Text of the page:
Beginning December 7, 2011 New Jersey employers will be required to provide to all newly hired employees at the time of hiring a copy of the below Appendix.  The appendix must be (1) given at the time of hiring as part of the Hiring Package or (2) delivered via email to the employee.  This notice obligation starts with all new employees hired as of November 7, 2011 going forward.

The following link will take you to the official 6-page notice (MW-400) provided by the New JErsey Department of Labor and Workforce Development to be delivered to newly hired employees:

http://lwd.dol.state.nj.us/labor/forms_pdf/EmployerPosterPacket/MW-400.pdf

Note that failure to meet the obligations of this new requirement is “guilty of a disorderly offense and shall, upon conviction, be fined not less than $100 nor more than $1,000.”

This Legal Alert is not legal advice but rather a notification of a new legal requirement for New Jersey employers.  Firms may want to seek the advice and guidance from their own professional advisors on this and other matters as they apply to their own specific circumstances.

 

 

NJSA 2011 Employee of The Year

 

  

NJSA SELECTS 2011 STAFFING

EMPLOYEE OF THE YEAR

 

 

 

October 31, 2011.  The New Jersey Staffing Alliance Board of Directors is pleased to announce the recipient of its Employee of the Year Award is Joseph Scotland, a temporary staffing employee with Bryant Staffing.

Joseph has been a contract employee in a shipping and receiving department in East Rutherford since 1999.  He travels from his home in Bronx, NY to his position each day with a smile and a positive outlook to everybody.  According to his Bryant placement supervisor, Kathy Chapman, “Joseph exemplifies key messages about temporary employment: he works hard at his job; is flexible in his assignments; and always makes the right choice for Bryant and our Clients.

Also recognized as the 2011 runner-up Employee of the Year is Christopher Bahr of Joule, Inc.  Christopher works in the regulatory and standards affairs department at Stryker Orthopedics in Mahwah, NJ where he ensures consistency, completeness and adherence to all standards for their product submissions.  He has been recognized by his supervisors as polished, professional, dedicated, and above all, supportive of his teammates.  His assignment has been extended three times and each time he has fulfilled his duties in an exemplary fashion.

NJSA congratulates both Joseph and Christopher for their excellent work as examples of professional temporary employees in New Jersey.

 NJSA is a statewide association of staffing companies in New Jersey.  NJSA also conducts industry research and provides valuable traning and educations for staffing professionals in New Jersey.  New Jersey staffing companies employ over 300,000 people for temporary or contract work.  new Jersey temporary staffing firms generated more than $1.9 billion in annual payroll while direct hire staffing firms generated $473 million for a total of $2.37 billion in annual payroll.  Threre are 831 direct hire locations in New Jersey for a total of 1,855 staffing firm offices in New Jersey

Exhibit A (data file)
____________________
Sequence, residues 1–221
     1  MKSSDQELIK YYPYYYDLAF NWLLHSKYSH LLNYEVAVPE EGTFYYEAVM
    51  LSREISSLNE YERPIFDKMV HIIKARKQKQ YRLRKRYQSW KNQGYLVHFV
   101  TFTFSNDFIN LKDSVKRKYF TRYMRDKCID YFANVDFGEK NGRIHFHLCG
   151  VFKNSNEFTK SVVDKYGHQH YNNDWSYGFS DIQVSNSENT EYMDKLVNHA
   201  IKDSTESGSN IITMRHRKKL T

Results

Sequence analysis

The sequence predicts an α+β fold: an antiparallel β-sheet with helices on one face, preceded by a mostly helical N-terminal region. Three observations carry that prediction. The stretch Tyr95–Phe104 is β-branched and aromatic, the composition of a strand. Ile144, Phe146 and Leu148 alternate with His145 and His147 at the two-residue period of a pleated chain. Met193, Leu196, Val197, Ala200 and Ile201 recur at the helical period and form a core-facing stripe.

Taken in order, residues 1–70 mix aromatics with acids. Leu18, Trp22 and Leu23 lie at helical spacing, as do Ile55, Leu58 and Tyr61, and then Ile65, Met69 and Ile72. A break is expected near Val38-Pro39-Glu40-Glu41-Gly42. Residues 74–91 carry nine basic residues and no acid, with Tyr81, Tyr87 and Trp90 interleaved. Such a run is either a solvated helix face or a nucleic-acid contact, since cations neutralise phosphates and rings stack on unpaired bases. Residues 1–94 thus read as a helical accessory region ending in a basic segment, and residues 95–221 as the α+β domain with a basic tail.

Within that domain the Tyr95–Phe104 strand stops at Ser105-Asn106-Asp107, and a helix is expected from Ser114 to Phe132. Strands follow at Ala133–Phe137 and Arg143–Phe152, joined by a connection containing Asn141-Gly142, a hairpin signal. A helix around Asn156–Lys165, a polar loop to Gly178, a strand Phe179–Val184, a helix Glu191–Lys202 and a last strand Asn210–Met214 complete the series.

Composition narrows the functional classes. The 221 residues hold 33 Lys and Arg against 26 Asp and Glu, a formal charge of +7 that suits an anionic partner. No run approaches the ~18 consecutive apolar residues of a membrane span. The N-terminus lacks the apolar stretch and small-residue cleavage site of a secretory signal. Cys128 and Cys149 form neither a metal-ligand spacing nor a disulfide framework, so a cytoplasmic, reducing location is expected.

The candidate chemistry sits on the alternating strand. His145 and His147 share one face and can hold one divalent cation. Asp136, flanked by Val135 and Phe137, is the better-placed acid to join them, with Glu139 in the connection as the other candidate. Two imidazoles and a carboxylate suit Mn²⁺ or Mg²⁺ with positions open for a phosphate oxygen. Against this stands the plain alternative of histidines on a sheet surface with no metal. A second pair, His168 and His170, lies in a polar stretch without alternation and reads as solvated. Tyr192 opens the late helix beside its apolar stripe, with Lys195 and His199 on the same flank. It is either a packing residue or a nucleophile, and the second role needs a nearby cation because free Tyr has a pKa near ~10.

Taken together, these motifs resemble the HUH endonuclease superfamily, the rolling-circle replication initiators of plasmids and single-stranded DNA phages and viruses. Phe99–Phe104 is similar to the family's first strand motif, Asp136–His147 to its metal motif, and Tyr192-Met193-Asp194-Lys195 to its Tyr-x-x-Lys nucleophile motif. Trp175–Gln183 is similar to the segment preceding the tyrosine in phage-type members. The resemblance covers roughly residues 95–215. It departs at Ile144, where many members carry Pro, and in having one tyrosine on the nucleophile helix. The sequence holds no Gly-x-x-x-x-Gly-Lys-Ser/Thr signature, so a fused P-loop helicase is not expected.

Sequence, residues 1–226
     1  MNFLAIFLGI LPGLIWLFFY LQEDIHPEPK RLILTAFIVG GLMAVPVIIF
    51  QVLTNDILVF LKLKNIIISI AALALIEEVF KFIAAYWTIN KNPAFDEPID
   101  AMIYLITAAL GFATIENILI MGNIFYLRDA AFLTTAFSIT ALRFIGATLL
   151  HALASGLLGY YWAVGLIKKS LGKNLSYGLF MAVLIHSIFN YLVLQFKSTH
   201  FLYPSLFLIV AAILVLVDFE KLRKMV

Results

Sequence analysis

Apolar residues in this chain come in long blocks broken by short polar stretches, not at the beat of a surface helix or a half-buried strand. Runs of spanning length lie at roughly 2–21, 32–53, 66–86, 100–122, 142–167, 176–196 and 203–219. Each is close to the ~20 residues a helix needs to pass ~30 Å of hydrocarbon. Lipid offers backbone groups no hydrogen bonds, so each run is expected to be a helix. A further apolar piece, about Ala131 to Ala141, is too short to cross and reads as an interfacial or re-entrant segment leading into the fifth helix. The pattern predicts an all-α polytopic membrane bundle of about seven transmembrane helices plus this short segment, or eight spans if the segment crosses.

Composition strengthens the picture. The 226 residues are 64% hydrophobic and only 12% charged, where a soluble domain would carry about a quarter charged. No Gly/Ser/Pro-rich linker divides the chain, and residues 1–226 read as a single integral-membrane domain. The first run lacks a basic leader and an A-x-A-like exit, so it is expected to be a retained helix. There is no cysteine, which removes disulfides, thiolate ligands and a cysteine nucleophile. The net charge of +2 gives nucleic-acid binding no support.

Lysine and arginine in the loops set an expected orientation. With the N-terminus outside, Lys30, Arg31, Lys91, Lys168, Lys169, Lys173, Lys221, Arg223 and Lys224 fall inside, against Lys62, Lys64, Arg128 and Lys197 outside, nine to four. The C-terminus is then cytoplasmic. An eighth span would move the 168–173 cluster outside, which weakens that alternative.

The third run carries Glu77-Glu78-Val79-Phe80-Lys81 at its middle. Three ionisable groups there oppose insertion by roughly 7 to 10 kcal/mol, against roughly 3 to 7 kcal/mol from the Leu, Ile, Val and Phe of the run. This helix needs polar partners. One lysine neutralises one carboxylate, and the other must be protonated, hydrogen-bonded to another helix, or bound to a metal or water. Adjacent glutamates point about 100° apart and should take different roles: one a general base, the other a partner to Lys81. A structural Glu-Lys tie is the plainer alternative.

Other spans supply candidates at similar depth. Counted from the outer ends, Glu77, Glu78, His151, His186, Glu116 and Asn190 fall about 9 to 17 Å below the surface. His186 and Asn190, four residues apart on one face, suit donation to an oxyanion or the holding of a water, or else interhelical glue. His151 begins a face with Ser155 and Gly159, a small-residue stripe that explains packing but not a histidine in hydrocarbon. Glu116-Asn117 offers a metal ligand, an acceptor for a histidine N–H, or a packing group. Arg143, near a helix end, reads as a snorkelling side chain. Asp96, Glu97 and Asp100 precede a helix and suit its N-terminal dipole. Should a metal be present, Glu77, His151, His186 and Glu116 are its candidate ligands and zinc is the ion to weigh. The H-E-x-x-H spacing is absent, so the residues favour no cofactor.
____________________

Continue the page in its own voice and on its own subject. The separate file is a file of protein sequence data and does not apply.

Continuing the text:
Fall and the Flu

 

 

Here’s some great advice from O’Meara Financial Group

Fall brings the end of daylight savings time and the beginning of flu season.  What can you do to fight against disease?  Medical professionals say that boosting your immune system – your body’s build-in defense against disease – with good food, plentiful exercise, and sufficient sleep can help, too.

 Katherine Tallmadge, national spokesperson for the American Dietetic Association, says nutrition profoundly affects our ability to fight disease. If you want to stay healthy this winter, it’s a good idea to eat:

  •  Lean protein, like chicken, fish, and fat-free dairy products, because the molecules that help us stay healthy are made of protein.
  •  Good fat that is found in olive oil, canola oil, and nuts can help your cells function better and fight disease
  •  Fruits, vegetables and whole grains are key players because they contain antioxidants which help us stay healthy.

 Regular exercise also helps boost your immune system and keep illness at bay.  Just don’t overdo it, especially as you get older.  Thirty minutes of light to moderate exercise a day is enough to keep your immune system strong.

  •  Walk anywhere and everywhere.  All you need is a comfortable pair of shoes.
  •  Take a class at the YMCA, a senior center, or a local gym.  Try water aerobics, yoga, Tai Chi – or all of them.
  •  Watch television.  Chances are that your kids or grandkids have a Wii, PlayStation, or Xbox.  Each of these systems offers exercise programs that let you work out at home.

 Studies show that lack of sleep makes us more susceptible to colds and flu viruses. If you don’t sleep like a log every night consider these sleep tips from Helpguide.org:

  •  Avoid alcoholic beverages
  • Avoid big meals or spicy foods late at night.
  • Have a light snack before bedtime.
  • Use a relaxation technique to prepare for sleep.

 If all else fails, keep the chicken soup handy.  If you fall ill despite your best efforts, remember the chicken soup.  It’s not a wives tale.  According to the Mayo Clinic, chicken soup has anti-inflammatory and mucus-thinning effects which can soothe when you get sick

 www.omearafinancial.com

Characteristics of Successful People